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The Muskogee Lines

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The Midland-Valley family of Oklahoma lines included the Muskogee Roads and the Midland Valley Railroad Co.   These were made up of several subsidiary and predecessor companies.   These companies included:

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Midland Valley Railroad

The Midland Valley Railroad was incorporated in Arkansas on June 4, 1903.  By May 1, 1906, the railroad had 292.7 miles of track open, extending from Silverdale KS to Hoye and Fidelity, AR.  In August 1907 a branch opened from Jenks to Glenn Pool OK, a distance of 6.3 miles.  The company had trackage rights over the Frisco between Maney Junction and Fort Smith, AR (15.93 mi) and over the Missouri Pacific between Silverdale and Arkansas City, KS (9.03 mi). On July 29, 1910, the Midland Valley leased the Wichita & Midland Valley Railroad, thus extending operations another 50.6 miles from Arkansas City to Wichita.

According to the 1908 Poor's Manual of Railroads, the Midland Valley at that time had 38 locomotives, 24 passenger cars, 1,260 coal cars, 402 boxcars, 80 flatcars and 2 refrigerator cars.  Coal, primarily from mines in Arkansas and far eastern Oklahoma, accounted for the vast majority of tonnage until coal production began falling in the 1920s.

The Midland Valley took its name from Midland, Arkansas, a coal mining town in Sebastian County, near the Oklahoma border.  Operating headquarters and shops for the Midland Valley were located in Muskogee, OK, while the general office was located in Philadelphia, PA.

In 1925, the Midland Valley acquired the Kansas, Oklahoma & Gulf Railway. Both railroads were owned by the Muskogee Company, which purchased a third railroad, the Oklahoma City-Ada-Atoka Railway in 1929. All three railroads were operated as more or less common property by the Muskogee Company, and generally known as the "Muskogee Roads" until sale of all railroads to Missouri Pacific  in 1964. The Midland Valley was briefly operated as a subsidiary, but later merged into the Texas & Pacific on April 1, 1967.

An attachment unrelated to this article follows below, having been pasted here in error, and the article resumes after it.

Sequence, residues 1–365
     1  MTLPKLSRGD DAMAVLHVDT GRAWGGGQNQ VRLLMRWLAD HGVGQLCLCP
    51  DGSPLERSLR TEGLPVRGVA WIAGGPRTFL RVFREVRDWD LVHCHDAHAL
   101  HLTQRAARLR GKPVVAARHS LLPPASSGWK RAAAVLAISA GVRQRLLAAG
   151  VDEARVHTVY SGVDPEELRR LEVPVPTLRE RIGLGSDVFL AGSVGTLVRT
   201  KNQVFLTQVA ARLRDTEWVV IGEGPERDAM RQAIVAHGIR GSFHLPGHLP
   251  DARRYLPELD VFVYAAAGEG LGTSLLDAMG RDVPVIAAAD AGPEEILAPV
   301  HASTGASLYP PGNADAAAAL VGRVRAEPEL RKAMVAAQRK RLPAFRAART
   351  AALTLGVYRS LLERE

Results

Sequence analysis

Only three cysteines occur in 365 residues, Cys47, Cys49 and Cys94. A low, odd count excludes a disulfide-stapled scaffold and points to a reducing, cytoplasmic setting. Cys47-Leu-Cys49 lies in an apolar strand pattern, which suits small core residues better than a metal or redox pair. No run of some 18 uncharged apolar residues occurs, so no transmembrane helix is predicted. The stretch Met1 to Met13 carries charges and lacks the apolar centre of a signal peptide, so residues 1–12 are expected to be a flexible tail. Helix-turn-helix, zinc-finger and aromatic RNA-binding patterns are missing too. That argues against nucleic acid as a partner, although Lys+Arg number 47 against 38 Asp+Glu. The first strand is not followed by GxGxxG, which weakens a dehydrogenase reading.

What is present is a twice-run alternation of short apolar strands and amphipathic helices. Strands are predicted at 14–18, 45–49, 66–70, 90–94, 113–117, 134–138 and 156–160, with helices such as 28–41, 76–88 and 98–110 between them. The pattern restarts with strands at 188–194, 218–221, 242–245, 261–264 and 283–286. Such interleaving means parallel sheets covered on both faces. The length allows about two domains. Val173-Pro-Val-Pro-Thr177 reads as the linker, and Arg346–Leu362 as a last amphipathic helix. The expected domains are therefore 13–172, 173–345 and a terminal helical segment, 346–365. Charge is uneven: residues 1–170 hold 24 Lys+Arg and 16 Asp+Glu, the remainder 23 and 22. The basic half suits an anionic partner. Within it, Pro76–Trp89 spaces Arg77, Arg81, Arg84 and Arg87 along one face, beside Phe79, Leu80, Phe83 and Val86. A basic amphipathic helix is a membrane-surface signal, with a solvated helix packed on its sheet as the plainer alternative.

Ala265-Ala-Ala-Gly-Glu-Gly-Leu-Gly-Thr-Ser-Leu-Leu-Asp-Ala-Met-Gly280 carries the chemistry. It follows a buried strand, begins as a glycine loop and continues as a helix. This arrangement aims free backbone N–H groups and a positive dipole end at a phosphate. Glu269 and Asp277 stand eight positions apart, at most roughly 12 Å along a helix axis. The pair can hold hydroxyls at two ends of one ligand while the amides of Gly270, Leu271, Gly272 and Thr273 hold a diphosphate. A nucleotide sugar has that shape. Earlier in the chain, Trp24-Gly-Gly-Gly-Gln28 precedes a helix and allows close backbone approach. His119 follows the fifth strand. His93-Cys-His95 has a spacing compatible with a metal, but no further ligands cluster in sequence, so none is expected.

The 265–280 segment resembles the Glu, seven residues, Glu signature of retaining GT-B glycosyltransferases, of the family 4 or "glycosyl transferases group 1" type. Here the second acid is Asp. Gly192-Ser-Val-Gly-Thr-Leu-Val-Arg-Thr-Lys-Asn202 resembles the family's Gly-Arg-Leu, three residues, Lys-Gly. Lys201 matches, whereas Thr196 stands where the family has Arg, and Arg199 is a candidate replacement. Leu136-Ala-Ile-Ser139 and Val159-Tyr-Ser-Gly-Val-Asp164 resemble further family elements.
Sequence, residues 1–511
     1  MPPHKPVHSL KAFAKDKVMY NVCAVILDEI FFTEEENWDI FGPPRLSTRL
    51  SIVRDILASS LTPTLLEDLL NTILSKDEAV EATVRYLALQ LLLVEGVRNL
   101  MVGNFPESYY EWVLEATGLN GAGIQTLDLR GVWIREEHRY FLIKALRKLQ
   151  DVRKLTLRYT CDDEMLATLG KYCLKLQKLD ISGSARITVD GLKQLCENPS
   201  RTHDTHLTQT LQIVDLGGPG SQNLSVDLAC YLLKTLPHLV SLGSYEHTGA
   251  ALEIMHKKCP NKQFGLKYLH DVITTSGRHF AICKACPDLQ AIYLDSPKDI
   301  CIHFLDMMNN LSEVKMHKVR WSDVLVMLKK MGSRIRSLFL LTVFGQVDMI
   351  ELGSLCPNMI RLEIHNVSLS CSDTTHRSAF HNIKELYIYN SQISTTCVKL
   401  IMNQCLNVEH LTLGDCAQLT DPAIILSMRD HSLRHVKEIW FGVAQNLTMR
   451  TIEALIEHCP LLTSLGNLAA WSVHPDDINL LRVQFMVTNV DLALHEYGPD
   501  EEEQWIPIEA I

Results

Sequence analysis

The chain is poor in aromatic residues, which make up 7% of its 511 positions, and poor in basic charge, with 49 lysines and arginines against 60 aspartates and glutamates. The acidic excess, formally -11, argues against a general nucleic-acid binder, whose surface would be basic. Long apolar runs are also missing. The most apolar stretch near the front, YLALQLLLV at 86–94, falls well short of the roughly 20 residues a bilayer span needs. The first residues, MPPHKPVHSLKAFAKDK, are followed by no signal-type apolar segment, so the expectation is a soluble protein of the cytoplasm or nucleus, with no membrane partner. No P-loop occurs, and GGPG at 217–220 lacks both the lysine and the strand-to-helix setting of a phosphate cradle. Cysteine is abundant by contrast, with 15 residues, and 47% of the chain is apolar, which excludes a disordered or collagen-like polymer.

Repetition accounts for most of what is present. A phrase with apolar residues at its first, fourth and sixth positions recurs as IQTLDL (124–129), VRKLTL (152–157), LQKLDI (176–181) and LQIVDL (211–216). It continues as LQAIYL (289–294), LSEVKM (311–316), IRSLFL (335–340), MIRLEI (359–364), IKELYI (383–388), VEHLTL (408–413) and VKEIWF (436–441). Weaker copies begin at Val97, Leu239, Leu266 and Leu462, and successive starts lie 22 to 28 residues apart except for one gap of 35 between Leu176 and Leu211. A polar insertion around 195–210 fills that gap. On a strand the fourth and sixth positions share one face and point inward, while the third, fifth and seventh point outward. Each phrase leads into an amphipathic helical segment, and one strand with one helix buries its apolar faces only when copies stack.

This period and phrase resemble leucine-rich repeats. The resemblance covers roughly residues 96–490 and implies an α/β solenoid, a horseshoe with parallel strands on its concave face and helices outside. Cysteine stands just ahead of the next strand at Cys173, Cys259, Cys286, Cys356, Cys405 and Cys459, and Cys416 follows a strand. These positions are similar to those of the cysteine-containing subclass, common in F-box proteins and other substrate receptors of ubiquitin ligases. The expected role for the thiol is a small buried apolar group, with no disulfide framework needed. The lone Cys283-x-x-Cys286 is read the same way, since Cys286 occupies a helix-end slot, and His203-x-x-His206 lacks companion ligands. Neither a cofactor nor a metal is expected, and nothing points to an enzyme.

The Kansas Oklahoma & Gulf (KO&G)


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The Kansas, Oklahoma & Gulf Railway was originally chartered on March 28, 1910, as the Missouri, Oklahoma and Gulf Railway.  The line extended from Baxter KS through Wagoner OK to Red River, OK (301.5 miles).  A Texas subsidiary extended 9 miles from Red River to Denison, where connection was made with the Texas & Pacific.  The Missouri, Oklahoma & Gulf defaulted and was sold at foreclosure in July 1919, emerging as the KO&G.  The KO&G was itself ruled insolvent and placed in the hands of a receiver in June 1924 and subsequently purchased by the Muskogee Company, owner of the Midland Valley.

The KO&G owed much of its latter existence to its status as a bridge line between the Missouri Pacific  at Okay, Oklahoma and the Missouri Pacific-controlled Texas & Pacific at Denison, TX, This traffic was the main source of revenue for the KO&G and was the primary reason that the MP acquired it.


The KO&G was absorbed into MoPac shortly after the T&P's own absorbtion into the system in 1976.   Most of the KO&G on-line traffic was coal and quarry products, but they were also a major bridge-line between Kansas and the upper midwest in the MoPac scheme of things, competing with both the MK&T and the Frisco. MP continued to upgrade the line, but after Union Pacific acquired competing MKT, much of the KO&G was abandoned.

 


 

Midland Valley

Kansas, Oklahoma & Gulf

Trackage Abandonment Dates

 

KO&G    1962   112.41 mi  Okay, OK to Military Junction, KS
KO&G    1965   26.20 mi   Durant, OK to Denison, TX
KO&G    1969   4.44 mi    Bromide Branch

MV            1965   3.34 mi    Excelsior, AR to Greenwood, AR
MV            1965   12.12 mi   Adamsville, KS to Silverdale, KS
MV            1968   20.90 mi   Excelsior, AR to Panama, OK
MV            1968   52.67 mi   Pawhuska, OK to Silverdale, KS
T&P(MV)    1969   40.20 mi   Adamsville, KS to Wichita, KS
T&P(MV)    1975   2.75 mi    at Tulsa, OK
MP(MV)      1979   12.98 mi   Pawhuska, OK to Barnsdall, OK

Track abandonments 1980 and later have not yet been listed.

 


 

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Last Updated: June 28, 2014